Are you as a twenty first century Gen X parent who wants to raise the kids in your family so that they won’t end up estranged in years to come?
Intervene immediately when a child hits or injures another child.
Don’t allow guilt to build up or a wound to fester between any children that might and create a future sibling “I Hate You” story.
Untended sibling lesions turn into “I Hate You” stories that may have to be dealt with decades later. You as the parent could be a villain in that sibling tale. Avoid the future toxic narrative thread by talking to both siblings right away, offering consequences if one child injured another, but also letting the siblings know that the wound is being swabbed and bandaged by you, the parents, in the here and now.
Settle the argument and heal emotional lesions by talking about what happened between the kids, not just punishing one child. Discuss the feelings that prompted the injury in the first place to expunge the negative feelings. Perhaps change your parenting methods to rearrange sibling interaction after you get to the bottom of the battle.
In my book Mom Loves You Best Forgiving and Forging Sibling Relationships I use midlife siblings Ted and John. Younger brother Ted and his older brother John grew up with a single mom, as the Dad walked out. She was an emotionally overwhelmed and immature mother, working as a salesclerk in a local dress store six days a week.
After school Ted was cared for kid brother John, who was psychologically confused and hurt by his dad leaving. The fun and freedom of after-school activities ended for John with babysitting. He resented the burden of Ted.
One afternoon Ted changed the television channel from John’s favorite sports show. Furious, John swept broken glass in a circle outside and jammed a stool in the middle. John grabbed Ted, lifted him onto the stool, and young Ted ended in the emergency room with many stitches in each foot. Their mom punished John, but since she needed him to watch Ted, she continued to leave John in charge, and she never talked about the incident again. Ted never forgave John, and they grew up with Ted feeling like John was his enemy instead of his trusted friend, creating distance between the brothers for almost half a century.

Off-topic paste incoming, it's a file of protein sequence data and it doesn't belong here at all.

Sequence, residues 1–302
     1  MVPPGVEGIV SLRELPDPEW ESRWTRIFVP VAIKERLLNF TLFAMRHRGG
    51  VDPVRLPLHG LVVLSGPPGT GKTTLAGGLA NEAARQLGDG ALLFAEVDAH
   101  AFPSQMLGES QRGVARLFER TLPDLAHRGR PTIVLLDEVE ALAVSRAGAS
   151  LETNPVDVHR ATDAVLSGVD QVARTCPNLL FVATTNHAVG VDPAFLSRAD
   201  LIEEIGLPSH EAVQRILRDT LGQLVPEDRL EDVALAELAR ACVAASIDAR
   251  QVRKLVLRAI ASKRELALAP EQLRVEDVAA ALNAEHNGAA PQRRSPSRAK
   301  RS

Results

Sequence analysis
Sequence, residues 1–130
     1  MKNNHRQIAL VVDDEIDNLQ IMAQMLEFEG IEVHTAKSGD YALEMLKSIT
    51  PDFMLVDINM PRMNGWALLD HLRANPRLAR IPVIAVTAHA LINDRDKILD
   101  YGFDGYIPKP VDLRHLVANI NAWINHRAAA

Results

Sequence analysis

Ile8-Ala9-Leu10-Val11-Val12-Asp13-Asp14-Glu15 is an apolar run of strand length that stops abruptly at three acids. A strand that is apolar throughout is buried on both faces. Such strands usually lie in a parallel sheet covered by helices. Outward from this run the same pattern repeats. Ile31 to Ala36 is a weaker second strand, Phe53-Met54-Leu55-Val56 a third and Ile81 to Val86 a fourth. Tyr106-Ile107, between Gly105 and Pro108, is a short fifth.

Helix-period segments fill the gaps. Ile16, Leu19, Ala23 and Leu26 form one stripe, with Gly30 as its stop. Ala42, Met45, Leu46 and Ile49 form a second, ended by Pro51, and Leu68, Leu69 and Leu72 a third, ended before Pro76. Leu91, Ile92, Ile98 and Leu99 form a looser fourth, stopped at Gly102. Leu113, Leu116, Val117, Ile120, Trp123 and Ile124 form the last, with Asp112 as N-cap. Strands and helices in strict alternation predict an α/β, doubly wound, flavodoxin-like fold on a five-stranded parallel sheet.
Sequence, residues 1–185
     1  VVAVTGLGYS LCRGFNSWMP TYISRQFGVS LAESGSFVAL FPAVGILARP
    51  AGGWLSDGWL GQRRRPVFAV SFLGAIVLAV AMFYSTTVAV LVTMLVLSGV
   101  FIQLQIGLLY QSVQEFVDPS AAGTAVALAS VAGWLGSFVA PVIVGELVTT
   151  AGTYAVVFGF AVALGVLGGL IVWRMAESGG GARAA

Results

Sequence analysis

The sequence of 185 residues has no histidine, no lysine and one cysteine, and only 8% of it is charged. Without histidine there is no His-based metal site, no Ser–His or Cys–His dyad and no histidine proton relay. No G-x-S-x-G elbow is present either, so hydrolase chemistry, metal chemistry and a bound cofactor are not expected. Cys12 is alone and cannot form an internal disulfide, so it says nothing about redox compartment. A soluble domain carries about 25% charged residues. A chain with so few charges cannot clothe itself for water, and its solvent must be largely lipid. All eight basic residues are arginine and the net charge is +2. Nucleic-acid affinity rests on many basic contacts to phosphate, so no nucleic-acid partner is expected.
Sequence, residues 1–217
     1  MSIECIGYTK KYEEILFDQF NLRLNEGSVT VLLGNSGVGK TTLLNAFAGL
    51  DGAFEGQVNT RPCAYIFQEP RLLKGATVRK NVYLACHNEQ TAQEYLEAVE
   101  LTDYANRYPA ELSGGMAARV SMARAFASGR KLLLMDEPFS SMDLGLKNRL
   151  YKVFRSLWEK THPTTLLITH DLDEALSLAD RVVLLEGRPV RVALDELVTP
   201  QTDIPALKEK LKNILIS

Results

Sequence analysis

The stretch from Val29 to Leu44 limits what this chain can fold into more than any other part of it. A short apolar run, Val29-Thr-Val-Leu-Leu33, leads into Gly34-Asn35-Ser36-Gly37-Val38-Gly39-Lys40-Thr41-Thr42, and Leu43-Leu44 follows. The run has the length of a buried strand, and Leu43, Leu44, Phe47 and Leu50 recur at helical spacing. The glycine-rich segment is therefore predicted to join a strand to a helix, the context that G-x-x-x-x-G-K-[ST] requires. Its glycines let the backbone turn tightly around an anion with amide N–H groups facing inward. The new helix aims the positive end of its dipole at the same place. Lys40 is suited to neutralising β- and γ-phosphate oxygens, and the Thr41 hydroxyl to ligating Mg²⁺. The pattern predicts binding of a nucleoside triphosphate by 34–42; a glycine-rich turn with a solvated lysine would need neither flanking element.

Avoid a future “I Hate You” story like Ted’s by tending to kid wounds right away. They do not have to be as severe as stitches. Sibling injuries can be emotional abuse as well as physical ill treatment. But the critical step is that you talk about what happened with your children almost immediately and get each sibling’s version of what happened. The significant next step is to see if you need to change your parenting behavior in any way to avoid another incident.
If Ted and John’s mom had understood the long-term consequences of continuing to leave Ted with John, she could have gotten her sister Miriam to look after Ted instead of leaving him with still angry and resentful John after school. Allowing John to go back to the sports he craved and sending Ted to Aunt Miriam’s would have gone a long way to putting the future “I Hate You” story in the trash and saving both siblings from half a century of estrangement.
So do not let siblings settle differences between themselves. Intervene right away and mediate the dispute post haste. Your involvement as a parent, talking to each sibling, then taking that information and arbitrating the argument, is key. Save brothers and sisters the disfigurements that result from unresolved hurt feelings or actual wounds. But get to the bottom of the disagreement and see if you need to adjust your parenting techniques or a child’s life, like Ted’s mom, who could have avoided a future “I Hate You” story